Monday, April 14, 2014

In (department of) defense of the shoe industry

Although my “real” career has been in high tech marketing, I did make an early professional foray into the shoe industry.

Professional may be too grand a word to describe my minimum wage job at H.H. Brown. There I worked near the end of the assembly line as a finisher, responsible for putting shoe polish on the exposed seams of combat boots (black for the Army, brown for the Air Force – or was it the other way around?), and for using acetone to remove glue and other gunk that got onto the boots while they made their journey from piece of hide to shoe box. While I was busy as a finisher, my friend Kim – now a partner in a major Boston law firm – was working a few tables behind me as a “heel podder”, gluing thin strips of leather on the inside heel position of a boot.

My biggest nightmare as a shoe factory hand was the day they took me off finishing and set me to the task of removing boots as they came down the vertical conveyor belt from the second floor, and pulling out any nails that were protruding from the innards of the boots.

It took me about two minutes to figure out why the other folks who performed this task had their fingers swathed in adhesive tape. But I had no adhesive tape, so I had to feel around in those boots very gingerly.

Since I was so slow, I did not in the least keep up with the boots raining down on me from the second floor. I just let them go back from whence they came, while I slowly did my voyage of nail discovery, and yanked any nails I found out with a pair of pliers.

It was only when the former came raging over to me to tell me I was useless, and sent me back to finishing (where I bled all over those exposed boot seams for the remainder of my shift), that I found that if I didn’t remove a pair of boots from the conveyor belt, it dropped off somewhere in the bowels of the factory.

Live and learn that I really had no future in shoe biz.

Not that many folks in America did, especially in New England, where, by the time I was working at H.H. Brown, most of the shoe factories had gone south. Since then, they’ve mostly migrated to China and Vietnam.

But, apparently, the combat boot business stayed in the U.S., thank to a World War II era law:

Under a provision of 1941 legislation known as the Berry Amendment, the Defense Department must buy boots, uniforms and certain other items that are 100% U.S.-made. (Source: WSJ Online)

There are Berry Amendment get-arounds:

It can make exceptions if U.S. manufacturers don't have the capacity to make what it needs, and has done so for athletic shoes needed for boot camp.

The Army, Navy and Air Force "allow members to select and wear the type and size of athletic shoe that provides the greatest comfort and reduces the potential for injury," regardless of where they are made, a Defense Department official said.

Well, the shoe industry – particularly in the M-states: Massachusetts, Maine, and Michigan, where sneaks are made – are pushing lawmakers to get rid of the sneaker exemption.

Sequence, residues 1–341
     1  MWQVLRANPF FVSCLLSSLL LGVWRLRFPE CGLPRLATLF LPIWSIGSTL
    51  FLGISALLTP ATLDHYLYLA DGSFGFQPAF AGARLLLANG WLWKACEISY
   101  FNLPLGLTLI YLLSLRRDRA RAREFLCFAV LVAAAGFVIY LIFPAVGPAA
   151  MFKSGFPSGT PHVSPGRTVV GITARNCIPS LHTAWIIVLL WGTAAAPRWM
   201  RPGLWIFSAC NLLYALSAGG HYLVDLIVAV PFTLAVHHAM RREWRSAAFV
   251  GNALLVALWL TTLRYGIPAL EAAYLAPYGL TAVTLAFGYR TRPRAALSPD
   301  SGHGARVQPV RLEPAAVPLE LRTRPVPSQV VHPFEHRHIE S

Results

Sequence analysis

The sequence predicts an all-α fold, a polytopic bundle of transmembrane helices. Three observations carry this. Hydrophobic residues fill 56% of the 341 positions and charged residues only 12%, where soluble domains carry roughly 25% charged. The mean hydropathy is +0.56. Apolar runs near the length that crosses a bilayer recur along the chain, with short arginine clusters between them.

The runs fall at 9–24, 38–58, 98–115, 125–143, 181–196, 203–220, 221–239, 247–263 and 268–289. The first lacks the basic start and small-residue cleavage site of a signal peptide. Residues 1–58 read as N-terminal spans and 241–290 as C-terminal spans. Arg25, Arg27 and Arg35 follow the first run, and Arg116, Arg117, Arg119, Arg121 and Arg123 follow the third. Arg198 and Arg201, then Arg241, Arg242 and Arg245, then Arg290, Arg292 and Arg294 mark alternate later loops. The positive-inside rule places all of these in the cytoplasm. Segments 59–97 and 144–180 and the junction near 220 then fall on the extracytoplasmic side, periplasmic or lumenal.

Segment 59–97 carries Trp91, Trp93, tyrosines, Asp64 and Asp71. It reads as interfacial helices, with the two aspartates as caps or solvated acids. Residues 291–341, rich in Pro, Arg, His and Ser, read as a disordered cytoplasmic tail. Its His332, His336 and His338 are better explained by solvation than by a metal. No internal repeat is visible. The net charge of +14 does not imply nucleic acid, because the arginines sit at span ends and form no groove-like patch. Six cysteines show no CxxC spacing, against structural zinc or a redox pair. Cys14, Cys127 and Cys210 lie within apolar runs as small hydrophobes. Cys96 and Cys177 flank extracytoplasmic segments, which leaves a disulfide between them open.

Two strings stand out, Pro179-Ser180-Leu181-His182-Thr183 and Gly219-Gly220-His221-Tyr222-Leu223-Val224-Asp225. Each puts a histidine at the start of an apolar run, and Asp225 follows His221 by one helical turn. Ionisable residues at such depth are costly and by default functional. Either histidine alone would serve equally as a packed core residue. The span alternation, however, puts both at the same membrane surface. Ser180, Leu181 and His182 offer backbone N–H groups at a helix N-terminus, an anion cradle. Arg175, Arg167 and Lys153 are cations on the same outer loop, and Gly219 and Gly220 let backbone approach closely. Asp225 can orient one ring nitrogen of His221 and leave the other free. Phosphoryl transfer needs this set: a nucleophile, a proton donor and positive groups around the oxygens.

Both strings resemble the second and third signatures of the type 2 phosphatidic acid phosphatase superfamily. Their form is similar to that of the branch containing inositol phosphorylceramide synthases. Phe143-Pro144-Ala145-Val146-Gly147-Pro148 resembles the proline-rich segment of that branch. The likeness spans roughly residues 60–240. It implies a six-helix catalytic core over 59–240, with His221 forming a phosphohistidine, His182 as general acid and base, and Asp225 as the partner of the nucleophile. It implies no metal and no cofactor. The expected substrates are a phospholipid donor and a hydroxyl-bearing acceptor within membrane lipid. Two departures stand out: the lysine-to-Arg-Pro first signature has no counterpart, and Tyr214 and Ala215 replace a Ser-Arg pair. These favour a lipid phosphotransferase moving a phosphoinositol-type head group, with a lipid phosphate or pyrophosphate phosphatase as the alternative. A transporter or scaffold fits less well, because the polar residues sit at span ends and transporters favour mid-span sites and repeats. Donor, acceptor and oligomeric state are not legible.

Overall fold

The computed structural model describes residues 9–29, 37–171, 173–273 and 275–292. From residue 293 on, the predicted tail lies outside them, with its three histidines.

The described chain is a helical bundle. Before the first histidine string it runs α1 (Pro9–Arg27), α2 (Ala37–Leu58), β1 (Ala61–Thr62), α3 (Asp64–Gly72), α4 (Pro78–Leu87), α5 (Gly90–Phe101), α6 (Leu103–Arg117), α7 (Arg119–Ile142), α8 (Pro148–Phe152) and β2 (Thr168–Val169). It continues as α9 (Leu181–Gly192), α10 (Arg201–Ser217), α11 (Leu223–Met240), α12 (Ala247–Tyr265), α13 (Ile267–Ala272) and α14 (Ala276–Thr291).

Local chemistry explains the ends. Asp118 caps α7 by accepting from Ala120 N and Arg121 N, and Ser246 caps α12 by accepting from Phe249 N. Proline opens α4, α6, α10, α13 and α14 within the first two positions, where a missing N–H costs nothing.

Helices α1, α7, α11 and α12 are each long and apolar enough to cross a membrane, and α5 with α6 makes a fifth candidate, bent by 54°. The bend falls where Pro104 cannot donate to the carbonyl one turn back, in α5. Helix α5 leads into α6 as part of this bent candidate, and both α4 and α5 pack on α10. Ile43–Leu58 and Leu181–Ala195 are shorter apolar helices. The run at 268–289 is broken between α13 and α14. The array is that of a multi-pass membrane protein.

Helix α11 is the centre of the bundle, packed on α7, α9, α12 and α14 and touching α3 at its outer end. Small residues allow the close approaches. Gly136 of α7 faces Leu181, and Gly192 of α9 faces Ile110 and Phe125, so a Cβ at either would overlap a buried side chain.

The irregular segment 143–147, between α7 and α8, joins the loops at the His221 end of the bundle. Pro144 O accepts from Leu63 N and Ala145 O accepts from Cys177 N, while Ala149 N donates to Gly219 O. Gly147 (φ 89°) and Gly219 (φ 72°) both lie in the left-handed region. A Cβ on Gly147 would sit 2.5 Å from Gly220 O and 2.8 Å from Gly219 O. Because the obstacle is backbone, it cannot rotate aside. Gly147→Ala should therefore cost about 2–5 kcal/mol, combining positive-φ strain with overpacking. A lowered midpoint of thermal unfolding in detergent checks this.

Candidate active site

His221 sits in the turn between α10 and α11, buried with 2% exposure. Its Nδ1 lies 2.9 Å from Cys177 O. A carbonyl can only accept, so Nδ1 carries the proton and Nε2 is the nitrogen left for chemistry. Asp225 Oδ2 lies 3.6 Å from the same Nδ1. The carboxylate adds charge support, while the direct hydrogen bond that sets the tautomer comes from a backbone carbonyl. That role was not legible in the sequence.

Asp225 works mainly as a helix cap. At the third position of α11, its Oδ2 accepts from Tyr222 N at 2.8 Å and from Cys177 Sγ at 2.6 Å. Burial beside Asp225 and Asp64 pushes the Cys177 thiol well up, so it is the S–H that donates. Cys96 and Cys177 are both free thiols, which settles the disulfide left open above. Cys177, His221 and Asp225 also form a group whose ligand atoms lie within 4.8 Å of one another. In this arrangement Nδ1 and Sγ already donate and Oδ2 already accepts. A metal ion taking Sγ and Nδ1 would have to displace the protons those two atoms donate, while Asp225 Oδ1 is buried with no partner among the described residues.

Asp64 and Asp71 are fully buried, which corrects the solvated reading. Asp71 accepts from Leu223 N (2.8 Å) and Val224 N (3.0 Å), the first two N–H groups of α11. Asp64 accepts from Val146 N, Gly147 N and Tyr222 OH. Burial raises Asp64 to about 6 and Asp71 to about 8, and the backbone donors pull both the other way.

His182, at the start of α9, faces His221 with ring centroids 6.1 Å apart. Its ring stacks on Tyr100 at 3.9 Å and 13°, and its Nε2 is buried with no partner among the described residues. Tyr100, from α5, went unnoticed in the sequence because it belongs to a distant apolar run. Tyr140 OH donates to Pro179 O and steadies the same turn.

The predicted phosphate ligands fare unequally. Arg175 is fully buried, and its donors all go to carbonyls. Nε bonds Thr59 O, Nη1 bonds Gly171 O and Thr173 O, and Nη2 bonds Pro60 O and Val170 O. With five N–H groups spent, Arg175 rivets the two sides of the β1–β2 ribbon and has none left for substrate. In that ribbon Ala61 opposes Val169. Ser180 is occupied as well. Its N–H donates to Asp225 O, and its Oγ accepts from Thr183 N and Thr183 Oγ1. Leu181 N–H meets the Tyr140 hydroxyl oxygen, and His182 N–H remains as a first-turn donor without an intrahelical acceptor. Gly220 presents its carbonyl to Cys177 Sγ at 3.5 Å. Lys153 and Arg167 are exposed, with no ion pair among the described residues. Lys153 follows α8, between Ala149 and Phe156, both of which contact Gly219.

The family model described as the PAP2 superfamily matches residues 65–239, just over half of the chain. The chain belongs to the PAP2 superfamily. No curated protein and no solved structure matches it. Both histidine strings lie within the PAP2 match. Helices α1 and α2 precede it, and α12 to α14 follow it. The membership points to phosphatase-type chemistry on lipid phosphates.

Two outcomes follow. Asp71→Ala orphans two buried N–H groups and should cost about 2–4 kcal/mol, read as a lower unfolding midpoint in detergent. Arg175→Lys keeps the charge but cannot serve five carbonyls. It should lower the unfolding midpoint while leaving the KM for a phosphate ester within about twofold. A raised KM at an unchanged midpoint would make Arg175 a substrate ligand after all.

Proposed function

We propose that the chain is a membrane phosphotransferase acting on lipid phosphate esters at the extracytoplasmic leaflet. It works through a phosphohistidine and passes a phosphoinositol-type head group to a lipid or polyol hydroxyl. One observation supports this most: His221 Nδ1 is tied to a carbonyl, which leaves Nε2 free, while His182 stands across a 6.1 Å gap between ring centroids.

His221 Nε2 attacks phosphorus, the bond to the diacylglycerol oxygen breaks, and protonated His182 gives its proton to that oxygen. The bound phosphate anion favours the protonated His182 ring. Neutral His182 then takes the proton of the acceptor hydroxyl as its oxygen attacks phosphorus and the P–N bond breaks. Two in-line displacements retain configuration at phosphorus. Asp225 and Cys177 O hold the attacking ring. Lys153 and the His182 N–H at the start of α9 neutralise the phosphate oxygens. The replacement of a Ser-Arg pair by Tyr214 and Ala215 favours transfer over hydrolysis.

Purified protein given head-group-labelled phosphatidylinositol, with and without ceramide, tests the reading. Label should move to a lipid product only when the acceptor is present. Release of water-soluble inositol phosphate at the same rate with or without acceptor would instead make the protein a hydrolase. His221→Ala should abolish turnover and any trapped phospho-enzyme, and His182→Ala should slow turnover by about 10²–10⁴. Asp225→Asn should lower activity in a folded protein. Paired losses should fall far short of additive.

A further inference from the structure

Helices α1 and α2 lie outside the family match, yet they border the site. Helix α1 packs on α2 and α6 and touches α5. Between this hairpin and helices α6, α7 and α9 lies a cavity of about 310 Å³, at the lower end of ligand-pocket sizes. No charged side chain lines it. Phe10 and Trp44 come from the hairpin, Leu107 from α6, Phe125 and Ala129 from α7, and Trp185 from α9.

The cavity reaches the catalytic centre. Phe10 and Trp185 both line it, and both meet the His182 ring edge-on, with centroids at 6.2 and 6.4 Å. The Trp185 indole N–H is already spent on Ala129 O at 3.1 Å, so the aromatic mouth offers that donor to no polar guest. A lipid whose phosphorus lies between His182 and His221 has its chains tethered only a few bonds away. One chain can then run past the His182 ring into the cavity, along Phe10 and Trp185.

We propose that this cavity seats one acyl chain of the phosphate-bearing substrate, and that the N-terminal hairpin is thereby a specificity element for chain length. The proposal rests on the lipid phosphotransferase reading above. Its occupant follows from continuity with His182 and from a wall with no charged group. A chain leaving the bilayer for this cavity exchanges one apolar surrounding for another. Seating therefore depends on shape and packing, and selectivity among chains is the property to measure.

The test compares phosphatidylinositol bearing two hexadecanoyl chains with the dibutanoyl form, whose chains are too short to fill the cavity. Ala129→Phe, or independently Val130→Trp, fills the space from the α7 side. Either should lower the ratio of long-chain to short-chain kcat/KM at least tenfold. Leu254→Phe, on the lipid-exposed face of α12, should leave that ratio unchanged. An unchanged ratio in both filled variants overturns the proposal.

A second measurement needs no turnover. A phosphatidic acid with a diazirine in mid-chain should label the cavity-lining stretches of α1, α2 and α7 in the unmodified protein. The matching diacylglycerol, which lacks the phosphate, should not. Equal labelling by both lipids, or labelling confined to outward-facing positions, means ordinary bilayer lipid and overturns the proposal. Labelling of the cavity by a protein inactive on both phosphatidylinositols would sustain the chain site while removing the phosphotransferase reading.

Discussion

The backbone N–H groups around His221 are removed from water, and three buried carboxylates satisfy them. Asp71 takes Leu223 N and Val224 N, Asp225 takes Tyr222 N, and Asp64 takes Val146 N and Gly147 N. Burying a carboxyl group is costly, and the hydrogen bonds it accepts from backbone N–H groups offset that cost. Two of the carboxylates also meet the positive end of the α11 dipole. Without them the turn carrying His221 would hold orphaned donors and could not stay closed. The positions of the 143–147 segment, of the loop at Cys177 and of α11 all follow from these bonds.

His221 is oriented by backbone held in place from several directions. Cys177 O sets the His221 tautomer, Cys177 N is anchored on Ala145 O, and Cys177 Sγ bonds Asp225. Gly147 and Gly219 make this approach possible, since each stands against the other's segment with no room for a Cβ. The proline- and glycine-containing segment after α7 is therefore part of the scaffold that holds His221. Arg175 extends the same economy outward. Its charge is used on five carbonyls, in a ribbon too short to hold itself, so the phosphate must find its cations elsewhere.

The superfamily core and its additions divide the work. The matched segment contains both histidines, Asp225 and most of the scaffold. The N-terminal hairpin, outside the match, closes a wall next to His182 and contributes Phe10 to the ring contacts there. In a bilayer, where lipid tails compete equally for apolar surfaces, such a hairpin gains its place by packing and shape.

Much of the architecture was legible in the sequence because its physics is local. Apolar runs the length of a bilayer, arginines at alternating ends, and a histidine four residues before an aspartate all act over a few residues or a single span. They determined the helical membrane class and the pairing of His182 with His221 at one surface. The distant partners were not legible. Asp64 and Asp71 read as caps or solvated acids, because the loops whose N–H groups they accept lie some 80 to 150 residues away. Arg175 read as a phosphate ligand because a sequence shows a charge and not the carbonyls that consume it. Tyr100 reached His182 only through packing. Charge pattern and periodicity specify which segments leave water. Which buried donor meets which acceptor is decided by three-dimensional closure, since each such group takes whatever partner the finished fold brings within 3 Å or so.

Shoemakers have to demonstrate that they’re capable of producing the sneakers that the armed forces need. If they do so, the Department of Defense may rule that G.I. soft footwear be born in the USA.

Local shoe darling, New Balance, is one of the companies lobbying for home-grown athletic footwear. New Balance:

…is the only U.S. maker of athletic shoes with large-scale production in the U.S. Its five U.S. plants in Massachusetts and Maine make about 25% of its shoes sold in the U.S.; the rest are imported.

New Balance spokesman Matt LeBretton said the company has spent more than $1 million on equipment and training to produce the midsole, which is normally imported. Orders from the military could create 200 jobs at New Balance, which employs about 2,900 in the U.S., and more at suppliers, he said.

Reebok and Converse are also from around here. Don’t know that much about what Reebok’s up to, but if the military’s worried about safety, it’s hard to believe that Converse’s Jack Purcell’s or canvas high-top Chucks would fit the bill. (In case you’re wondering, Jack Purcell was a badminton player. Chuck Taylor was a salesman/shoe evangelist.)

The armed forces give recruits stipends of about $65 to $70 to spend on athletic shoes, though sometimes it makes them buy a particular brand. Mr. LeBretton said New Balance could supply shoes in that range. "This might actually save them a few bucks," he said.

Sixty-five to seventy bucks, huh? I guess that rules of Nike Lebrons…

While New Balance is already making shoes domestically, Wolverine – which has Keds as one of its brands – could make sneakers in Michigan, if they had a market for U.S. made sneaks.

The military still has to be persuaded that U.S. shoe companies can ensure all recruits get the right fit and style. Wayne Hall, an Army spokesman, cited the stresses soldiers undergo during long runs at boot camp.

Worried about fit, style, and stress? Whatever happened to, This Is The Army, Mr. Jones?

Anyway, I’d just as soon have the sneakers that our service men and women wear made in the USA.

Forget that old saying about the Army moving on its stomach. The Army runs on its athletic shoes.

Let them all be made in an M-state.


Thanks to my sister Kath – who also put in time at H.H. Brown, I believe as a shoe boxer - for pointing this article out.

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